Central Bank of Argentina maintains tight monetary conditionsStaff Writer | August 10, 2018
At its latest meeting held on 7 August, the Central Bank of Argentina (Banco Central de la República Argentina, BCRA) decided to change its key policy instrument from the seven-day repo reference rate (seven-day LEBAC rate) to the seven-day liquidity bills rate (seven-day LELIQ rate).
LatAm The Bank reiterated its intention to monitor monetary aggregates
The Bank decided to change the policy rate as the BCRA is gradually reducing the stock of LEBAC and therefore the seven-day LEBAC rate will diminish in importance going forward.
The shift was not expected by markets, unlike the decision to keep the key rate at 40.00%, as the Bank attempts to restore confidence following a heavy devaluation of the peso and intervention from the International Monetary Fund.
Moreover, the Bank reiterated its intention to monitor monetary aggregates as a complement to the policy rate tool, although it did not communicate growth targets for the monetary aggregates it had started to track in the previous monetary policy meeting.
Surging inflation was behind the Central Bank’s decision. According to the National Statistics Institute (INDEC), national consumer prices jumped 3.7% month-on-month in June, which was notably higher than May’s 2.1% increase and was influenced by strong pass-through effects from a weaker currency.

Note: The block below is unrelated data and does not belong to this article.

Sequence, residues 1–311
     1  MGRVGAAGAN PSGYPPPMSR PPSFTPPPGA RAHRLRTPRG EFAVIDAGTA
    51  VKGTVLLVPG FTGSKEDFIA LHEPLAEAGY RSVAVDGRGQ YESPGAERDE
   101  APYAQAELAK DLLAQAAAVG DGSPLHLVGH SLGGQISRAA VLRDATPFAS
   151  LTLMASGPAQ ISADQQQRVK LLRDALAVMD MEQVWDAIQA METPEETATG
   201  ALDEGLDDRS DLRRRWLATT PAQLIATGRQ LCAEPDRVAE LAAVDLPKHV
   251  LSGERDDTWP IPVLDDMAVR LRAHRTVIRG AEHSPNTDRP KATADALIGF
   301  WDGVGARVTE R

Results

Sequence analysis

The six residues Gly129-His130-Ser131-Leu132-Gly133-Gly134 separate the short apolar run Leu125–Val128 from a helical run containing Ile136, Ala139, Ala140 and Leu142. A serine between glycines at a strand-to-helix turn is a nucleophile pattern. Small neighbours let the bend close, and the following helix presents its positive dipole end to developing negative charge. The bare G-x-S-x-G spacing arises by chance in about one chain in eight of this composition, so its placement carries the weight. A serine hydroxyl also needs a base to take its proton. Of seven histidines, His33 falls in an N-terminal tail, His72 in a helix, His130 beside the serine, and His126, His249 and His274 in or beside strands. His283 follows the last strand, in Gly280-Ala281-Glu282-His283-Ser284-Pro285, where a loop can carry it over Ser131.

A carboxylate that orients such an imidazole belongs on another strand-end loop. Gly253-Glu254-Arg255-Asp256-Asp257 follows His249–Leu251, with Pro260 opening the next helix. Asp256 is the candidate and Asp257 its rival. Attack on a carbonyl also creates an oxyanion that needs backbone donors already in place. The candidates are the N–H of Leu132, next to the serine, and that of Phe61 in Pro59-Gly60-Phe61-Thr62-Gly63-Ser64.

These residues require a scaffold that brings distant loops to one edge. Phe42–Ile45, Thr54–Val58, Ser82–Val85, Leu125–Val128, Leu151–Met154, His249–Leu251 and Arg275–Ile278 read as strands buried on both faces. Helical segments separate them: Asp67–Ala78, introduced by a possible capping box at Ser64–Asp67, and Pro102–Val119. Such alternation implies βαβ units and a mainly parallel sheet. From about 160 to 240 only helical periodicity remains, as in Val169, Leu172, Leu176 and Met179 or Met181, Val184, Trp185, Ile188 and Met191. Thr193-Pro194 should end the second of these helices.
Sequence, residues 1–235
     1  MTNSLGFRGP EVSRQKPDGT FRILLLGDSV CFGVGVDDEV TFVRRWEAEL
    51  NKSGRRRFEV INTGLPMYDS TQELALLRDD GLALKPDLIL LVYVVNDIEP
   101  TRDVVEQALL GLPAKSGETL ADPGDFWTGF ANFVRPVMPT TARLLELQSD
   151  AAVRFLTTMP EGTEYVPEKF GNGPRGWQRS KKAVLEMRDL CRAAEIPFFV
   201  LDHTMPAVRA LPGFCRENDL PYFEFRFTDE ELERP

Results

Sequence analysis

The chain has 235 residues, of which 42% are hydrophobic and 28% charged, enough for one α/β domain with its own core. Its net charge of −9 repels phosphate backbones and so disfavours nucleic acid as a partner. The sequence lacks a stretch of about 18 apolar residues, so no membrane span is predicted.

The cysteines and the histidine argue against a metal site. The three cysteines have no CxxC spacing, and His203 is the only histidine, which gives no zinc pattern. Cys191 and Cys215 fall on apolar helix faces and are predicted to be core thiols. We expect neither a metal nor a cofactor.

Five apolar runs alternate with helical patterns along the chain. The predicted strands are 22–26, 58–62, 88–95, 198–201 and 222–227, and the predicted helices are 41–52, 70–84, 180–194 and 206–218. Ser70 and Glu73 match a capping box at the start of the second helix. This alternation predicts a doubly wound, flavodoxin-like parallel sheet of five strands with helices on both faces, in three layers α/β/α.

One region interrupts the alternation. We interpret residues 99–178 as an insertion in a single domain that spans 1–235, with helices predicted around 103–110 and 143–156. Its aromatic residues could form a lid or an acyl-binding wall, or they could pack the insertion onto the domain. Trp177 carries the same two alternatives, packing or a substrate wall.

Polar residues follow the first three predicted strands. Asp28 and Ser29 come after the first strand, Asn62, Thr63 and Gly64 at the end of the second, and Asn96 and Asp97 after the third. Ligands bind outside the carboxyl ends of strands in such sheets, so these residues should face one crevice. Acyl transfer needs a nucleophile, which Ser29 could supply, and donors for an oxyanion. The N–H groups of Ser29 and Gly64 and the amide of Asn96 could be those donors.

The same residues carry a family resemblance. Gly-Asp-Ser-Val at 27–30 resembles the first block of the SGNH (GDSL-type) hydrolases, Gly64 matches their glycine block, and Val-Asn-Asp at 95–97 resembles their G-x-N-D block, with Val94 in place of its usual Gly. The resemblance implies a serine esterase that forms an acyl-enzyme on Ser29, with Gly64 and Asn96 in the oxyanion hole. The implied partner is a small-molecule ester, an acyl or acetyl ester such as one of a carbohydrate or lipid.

Although the Bank expects inflation to decelerate in the August–October period, the scope of the deceleration will be restrained by planned hikes in regulated prices.
Given it considers financial stability essential to growth, contracting economic activity in both April and May did not prevent the Bank from sticking to a hawkish stance.
Moreover, the expected rebound in agricultural production and the stabilization of financial markets will gradually lead to a recovery in economic activity, although it will take some time to materialize.
The Bank stated that it remains ready to take additional action to contain inflation if needed.
Moreover, it supports the government's ongoing efforts to curb public expenditure and the commitment made by the BCRA not to finance the Treasury in order to contain inflation.
A tight monetary stance is viewed as essential to anchoring market expectations and bringing inflation to target.
The next monetary policy meeting will be held on 11 September.
On average, panelists participating in the LatinFocus Consensus Forecast see the seven-day repo rate ending 2018 at 35.51%. They expect the seven-day repo rate to decrease in 2019, closing the year at 25.93%. ■